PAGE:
What is Counselling?
'Therapy offers you a safe, confidential place to talk about your life and anything that may be confusing, painful or uncomfortable. It allows you to talk with someone who is trained to listen attentively and to help you improve things'. (British Association for Counselling & Psychotherapy definition)
Counselling can either be short term (or 'solution focussed') usually if there is a time or financial restriction, or an EAP (Employee Assistance Programme) or insurer has organised it for you. This means that knowing we have a limited amount of time to work together on your difficulties we will agree together on the focus and goals and review progress at every session.
Or, when possible, I offer open-ended counselling, which means that we can work together as long as you feel you need to. Regular reviews of progress and frequency of sessions is a natural part of the counselling process.
In the UK, a good level of training, experience and committment to ongoing professional development is currently verified by an entry on the British Association for Counsellors and Psychotherapists / UKRCP Register where you can confirm accreditation status. For my listing on the register see BACP Register and for my page on the BACP online Directory of counsellors see 'It's good to talk'.
How does it work?
A counsellor does not advise, but is trained to help you to reach the answers that are right for you by listening intently, helping you to deeply explore emotions, reflect back emerging patterns and look at your situation in different ways. This is done supportively and without judgement, with openness and sometimes by challenging you.
There are many types of counselling, and a good counsellor is aware that some can suit an individual better than another. Having worked within the NHS for many years I have a wide range of training and experience to offer, including cognitive behavioural therapy (CBT), interpersonal psychotherapy (IPT) and mindfulness.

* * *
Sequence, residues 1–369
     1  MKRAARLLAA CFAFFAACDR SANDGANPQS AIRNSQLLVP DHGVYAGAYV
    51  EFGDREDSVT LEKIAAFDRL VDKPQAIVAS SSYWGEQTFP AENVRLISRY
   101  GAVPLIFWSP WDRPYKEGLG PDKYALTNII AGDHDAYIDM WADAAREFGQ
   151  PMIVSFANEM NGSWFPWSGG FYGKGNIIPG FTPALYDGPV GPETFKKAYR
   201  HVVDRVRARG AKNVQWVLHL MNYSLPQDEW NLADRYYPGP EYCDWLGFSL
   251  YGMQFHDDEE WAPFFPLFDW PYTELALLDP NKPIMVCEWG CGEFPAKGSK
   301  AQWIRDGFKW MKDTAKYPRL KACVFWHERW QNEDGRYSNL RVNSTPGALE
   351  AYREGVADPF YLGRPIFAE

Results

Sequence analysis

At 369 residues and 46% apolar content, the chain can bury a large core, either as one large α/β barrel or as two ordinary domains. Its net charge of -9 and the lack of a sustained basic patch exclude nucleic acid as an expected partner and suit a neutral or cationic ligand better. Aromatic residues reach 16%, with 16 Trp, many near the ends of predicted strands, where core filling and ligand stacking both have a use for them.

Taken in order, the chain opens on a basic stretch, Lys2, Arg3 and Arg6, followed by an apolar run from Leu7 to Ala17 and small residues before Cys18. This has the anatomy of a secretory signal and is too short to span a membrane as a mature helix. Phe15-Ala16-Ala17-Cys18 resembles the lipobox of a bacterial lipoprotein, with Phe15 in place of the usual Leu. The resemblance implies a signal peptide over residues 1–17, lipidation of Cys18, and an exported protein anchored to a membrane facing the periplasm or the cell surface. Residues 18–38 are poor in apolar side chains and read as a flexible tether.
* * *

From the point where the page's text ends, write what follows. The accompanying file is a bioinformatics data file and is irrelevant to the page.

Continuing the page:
What can I expect?
Counselling is a journey of exploration that can help in many different ways. You might find that during your sessions you realise you have recurring patterns in your life that are no longer helpful. Sometimes people feel worse before they feel better as they begin to explore the roots of their difficulties and gain insights into their life, this is a normal part of the counselling process. Counselling is led by you and what you are ready for, and great care is taken to help you to feel safe to speak about difficult subjects, which arise naturally as feels right for you.
There is a wealth of evidence for the effectiveness of counselling, and on-line information on qualifications and types of counselling. If you would like to explore this further I have provided links to some useful resources for you.
I have also written an article on how counselling can help with stress, which gives examples of different types of therapeutic approach.
How do I get the most out of my sessions?
Finding a counsellor who you feel comfortable with and can open up to is essential for you to get the most out of counselling. Not everyone 'fits' with every counsellor, so it is ok to meet more than one person before you choose who is right for you.
Being as honest as possible will help you get the most from your sessions, but it is normal to take time to feel able to discuss the most difficult parts of your experience and to need to have built up a good relationship of trust with your counsellor first.
If you have any concerns or questions, feel free to ask me at any point and I will do my best to answer.